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Missouri medical marijuana amendment wins voter approval



This story was republished with permission from the Columbia Missourian.

Missourians voted in favor of medical marijuana Tuesday, passing one of three competing proposals.

Amendment 2, known as New Approach Missouri, legalizes the cultivation of cannabis, as well as the production of marijuana and marijuana-infused products to aid patients suffering from a variety of debilitating illnesses.

Voters had three ballot initiatives to choose from. They rejected Amendment 3 and also Proposition C, which would have legalized medical marijuana by way of a statutory amendment.

“It’s a great step forward,” Dan Viets, attorney and chairman of New Approach Missouri, said Tuesday night.

Amendment 2 passed with 65.5 percent of the vote. Amendment 3 lost by a margin of 69 percent to 31 percent, and Proposition C by a margin of 56 percent to 44 percent.

Viets and about a dozen people stood around the bar at Grand Cru restaurant in Columbia, chatting and watching the TV for updates on the election results.

The group seemed calm and confident that the ballot initiative it came to support, Amendment 2, would pass, and many stood smiling with drinks in their hands. A few people cheered as the earliest of the election results flashed across the screen.

Shawn Stewart said he knew people who had a child who suffered from seizures. He said the family moved to Colorado to provide their child access to marijuana.

“They are talking about moving back now, because (we) legalized cannabis, so we are getting our Missourians back,” Stewart said.

Viets, who has been working to legalize medical marijuana in Missouri for at least 40 years, said the results increased his faith in Missouri voters, given that not only did they support the Amendment 2 but they also saw the flaws in the other two initiatives.

“I’m blown away by the fact that the voters understood this issue,” Viets said.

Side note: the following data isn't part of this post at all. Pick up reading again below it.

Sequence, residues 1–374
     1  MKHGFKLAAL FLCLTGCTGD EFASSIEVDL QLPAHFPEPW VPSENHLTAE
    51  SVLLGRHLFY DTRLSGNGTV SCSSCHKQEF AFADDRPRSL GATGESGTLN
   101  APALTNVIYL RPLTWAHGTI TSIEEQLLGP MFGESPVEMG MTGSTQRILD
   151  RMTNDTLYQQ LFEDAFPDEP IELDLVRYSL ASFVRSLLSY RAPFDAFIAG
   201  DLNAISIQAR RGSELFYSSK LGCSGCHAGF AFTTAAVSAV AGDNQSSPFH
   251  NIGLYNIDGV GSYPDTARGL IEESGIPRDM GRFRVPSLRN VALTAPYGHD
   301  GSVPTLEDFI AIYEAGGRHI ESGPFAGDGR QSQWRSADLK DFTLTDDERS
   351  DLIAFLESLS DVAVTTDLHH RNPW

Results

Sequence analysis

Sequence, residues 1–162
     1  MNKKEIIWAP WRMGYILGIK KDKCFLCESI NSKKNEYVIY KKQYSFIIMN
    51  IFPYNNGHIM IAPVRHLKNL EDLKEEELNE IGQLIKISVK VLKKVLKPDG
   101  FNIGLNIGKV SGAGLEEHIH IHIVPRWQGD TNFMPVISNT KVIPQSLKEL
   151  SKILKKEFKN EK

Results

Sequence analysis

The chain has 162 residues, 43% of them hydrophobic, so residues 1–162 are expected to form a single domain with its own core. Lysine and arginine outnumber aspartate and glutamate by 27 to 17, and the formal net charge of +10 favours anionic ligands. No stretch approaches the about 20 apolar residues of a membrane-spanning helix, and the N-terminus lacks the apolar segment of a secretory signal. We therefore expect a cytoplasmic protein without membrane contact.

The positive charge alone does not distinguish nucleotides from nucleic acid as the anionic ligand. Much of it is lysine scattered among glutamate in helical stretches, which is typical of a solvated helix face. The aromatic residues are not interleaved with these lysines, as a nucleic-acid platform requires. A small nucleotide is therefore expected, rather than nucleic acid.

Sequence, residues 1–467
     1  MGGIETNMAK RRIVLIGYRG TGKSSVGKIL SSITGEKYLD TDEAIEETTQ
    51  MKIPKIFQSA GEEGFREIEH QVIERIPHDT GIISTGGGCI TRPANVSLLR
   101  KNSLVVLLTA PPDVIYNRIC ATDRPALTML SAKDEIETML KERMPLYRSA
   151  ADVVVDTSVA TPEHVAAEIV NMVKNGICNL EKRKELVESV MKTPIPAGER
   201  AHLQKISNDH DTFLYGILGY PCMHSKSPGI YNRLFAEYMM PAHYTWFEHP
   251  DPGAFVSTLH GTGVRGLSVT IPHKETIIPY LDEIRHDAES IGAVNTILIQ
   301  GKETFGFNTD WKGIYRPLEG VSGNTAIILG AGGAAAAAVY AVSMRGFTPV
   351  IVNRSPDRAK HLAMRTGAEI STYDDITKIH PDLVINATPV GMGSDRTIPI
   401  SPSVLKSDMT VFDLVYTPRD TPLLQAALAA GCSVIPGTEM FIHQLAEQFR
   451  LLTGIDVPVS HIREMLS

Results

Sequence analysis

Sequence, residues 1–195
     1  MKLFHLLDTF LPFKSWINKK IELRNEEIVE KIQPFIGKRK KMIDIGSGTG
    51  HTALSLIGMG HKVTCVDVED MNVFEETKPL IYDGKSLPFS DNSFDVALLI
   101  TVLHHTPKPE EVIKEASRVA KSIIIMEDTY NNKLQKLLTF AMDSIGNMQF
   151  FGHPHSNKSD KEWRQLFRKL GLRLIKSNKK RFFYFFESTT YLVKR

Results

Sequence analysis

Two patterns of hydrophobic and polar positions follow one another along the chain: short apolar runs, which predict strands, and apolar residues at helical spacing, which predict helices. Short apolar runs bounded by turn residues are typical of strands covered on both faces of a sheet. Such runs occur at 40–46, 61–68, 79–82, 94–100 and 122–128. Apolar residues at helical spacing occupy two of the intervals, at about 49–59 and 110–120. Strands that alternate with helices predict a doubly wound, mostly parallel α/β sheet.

Amendment 2 and Amendment 3, which was supported by Springfield lawyer and physician Brad Bradshaw, were created as constitutional amendments, which means they could only be altered by an additional public voting process.

Proposition C, or the Missourians for Patient Care Act, was a statutory amendment and would have created a new law. That means legislators could potentially have altered it at a later date.

Amendment 2 will impose a 4-percent retail tax on marijuana, funds which will be used to fund health care services for veterans.

The initiative will permit state-licensed physicians to prescribe cannabis to their patients suffering from one of 10 specified conditions, which include: Parkinson’s, post-traumatic stress disorder, chronic pain, epilepsy, glaucoma and cancer.

Amendment 3 was largely self-funded by Bradshaw and would have created a Biomedical Research and Drug Development Institute, a new government institution run by a nine-person board that Bradshaw himself would lead.

Proposition C was backed by Pelopidas LLC, a St. Louis-based lobbying firm best known for its work for businessman and major political donor Rex Sinquefield.

The Missouri Secretary of State’s office estimates that Amendment 2 will generate $18 million in taxes and fees annually for state operating costs.

Supervising editor is Mark Horvit.

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